3 Key Considerations to Owning a Medical Spa

Justin Marti, attorney and principal at Marti Law Group, provides legal insight on the commonly asked question, "Can I own a medical spa?"

Hands down, the most frequently asked question we receive from medical spa clients – or those hoping to break into the industry – is, “can I own?” Unfortunately, the answer is one all-too-commonly used by lawyers…“it depends.” As the medical spa industry experiences exponential growth, state regulators have been slow to add parameters around ownership requirements, leaving aspiring spa owners left trying to interpret grey areas of the law.  

Below are three key considerations to help you navigate the wild world of medical spa ownership:

1. State Law

Most of the confusion around ownership stems from the fact that states have drastically different regulations on who can own a medical spa. While some states have clearly stated that a medical spa is, in fact, the practice of medicine and must be regulated as such, others have taken a more passive approach, failing to even define medical spas in their statutes. Compounding the confusion is the issue of whether the state subscribes to the Corporate Practice of Medicine (CPOM) theory. CPOM is a legal doctrine that allows only properly licensed healthcare providers to own a medical practice. Though states vary in both their subscription to and enforcement of this theory, the underlying idea is that healthcare providers should free from corporate or investor influence when making medical decisions for their patients. The emergence of Management Service Organizations (MSOs) as a workaround to CPOM is the bridge some groups use to legally function. While an unlicensed (or under-licensed) individual may not be able to own an actual clinical entity (think: the medical facility that is injecting or shooting lasers), they can own a management company that supports the operation and receives a hefty fee in exchange.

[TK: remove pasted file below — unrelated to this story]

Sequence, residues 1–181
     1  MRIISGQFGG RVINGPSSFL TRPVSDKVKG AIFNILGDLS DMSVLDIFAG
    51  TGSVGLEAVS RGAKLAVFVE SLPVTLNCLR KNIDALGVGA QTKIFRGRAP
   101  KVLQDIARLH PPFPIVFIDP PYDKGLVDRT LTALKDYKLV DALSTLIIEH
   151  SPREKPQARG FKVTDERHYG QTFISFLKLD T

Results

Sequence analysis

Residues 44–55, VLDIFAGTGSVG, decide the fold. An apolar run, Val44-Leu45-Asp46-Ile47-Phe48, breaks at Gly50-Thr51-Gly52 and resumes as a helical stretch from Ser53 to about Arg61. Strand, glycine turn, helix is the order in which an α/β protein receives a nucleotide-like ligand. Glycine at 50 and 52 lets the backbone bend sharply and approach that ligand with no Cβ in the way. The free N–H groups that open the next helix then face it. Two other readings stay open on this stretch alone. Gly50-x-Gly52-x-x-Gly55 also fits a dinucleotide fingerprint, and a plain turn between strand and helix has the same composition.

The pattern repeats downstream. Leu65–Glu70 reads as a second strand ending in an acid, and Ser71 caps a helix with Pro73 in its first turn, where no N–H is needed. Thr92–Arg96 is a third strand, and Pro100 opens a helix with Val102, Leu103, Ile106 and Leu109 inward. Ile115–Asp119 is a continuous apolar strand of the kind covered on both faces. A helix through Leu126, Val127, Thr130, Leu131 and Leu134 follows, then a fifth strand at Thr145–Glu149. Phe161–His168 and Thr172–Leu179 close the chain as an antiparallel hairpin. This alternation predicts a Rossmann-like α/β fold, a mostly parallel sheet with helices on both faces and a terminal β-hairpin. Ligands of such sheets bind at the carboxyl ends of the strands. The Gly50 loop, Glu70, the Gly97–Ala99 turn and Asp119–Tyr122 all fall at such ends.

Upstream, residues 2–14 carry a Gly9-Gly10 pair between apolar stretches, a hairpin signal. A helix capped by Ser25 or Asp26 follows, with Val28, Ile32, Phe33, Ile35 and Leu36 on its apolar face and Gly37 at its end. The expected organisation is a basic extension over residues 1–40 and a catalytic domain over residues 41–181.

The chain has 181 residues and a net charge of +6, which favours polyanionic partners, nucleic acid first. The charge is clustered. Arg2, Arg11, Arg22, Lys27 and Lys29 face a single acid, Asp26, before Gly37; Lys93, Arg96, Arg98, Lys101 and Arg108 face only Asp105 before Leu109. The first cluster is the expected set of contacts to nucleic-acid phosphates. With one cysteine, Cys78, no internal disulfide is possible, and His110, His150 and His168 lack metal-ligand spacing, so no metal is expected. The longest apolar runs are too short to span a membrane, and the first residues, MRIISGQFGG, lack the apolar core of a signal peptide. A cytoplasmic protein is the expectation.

2. Licensure Type

The next consideration when determining who can own a medical spa turns on the individual’s level of licensure, if any. While an esthetician may be able to shoot lasers or a registered nurse (RN) can inject under physician supervision, this does not mean that these professionals can automatically own a medical spa. A growing number of states having been joining the independent practice movement, wherein licensed nurse practitioners (NPs) can practice medicine independent of physician oversight after meeting certain criteria. Currently, 28 states have approved some level of independent practice for NPs and a handful of others have proposed legislation working its way through the approval process. For those states that have passed such laws, an NP is generally able to own a medical spa. In other states, such as California, other licensed professionals, such as RNs, optometrists, and chiropractors, may be able to take a minority ownership stake in the medical spa, as long as a physician maintains at least 51 percent control.  

3. Physician Arrangements and Medical Directors

Regardless of your level of licensure or lack thereof, it is of the utmost important that you have a medical director in place to properly supervise the clinical team. The credentials of the medical director again vary by state, but generally the individual will have to be a physician, NP (in an independent practice state), or in some instances, a physician’s assistant (PA). The medical director should have a written agreement with the clinical practice that articulates the duties owed to the practice, how good faith exams are conducted, frequency of in-person compliance checks, and compensation. For individuals with the proper license level to act as their own medical director, they may certainly do so, but it is still important for the team to know who is on call should the director be away or otherwise unavailable.


About Justin Marti

Justin Marti is a seasoned entrepreneur and attorney. He co-founded a dental group in Boston that grew to 40 locations before being sold in 2018. Along the way, he became a licensed attorney, practicing in the areas of healthcare and business, with a focus on the medical spa and dental industries. In addition to practicing, Justin is a business and healthcare professor at American International College. Justin’s experience in building and scaling his own healthcare group gives him the rare ability to think like a true entrepreneur and business operator, as opposed to merely just another lawyer. Justin has a deep passion for the medical spa industry and likes to say that he is an “advisor first, attorney second.”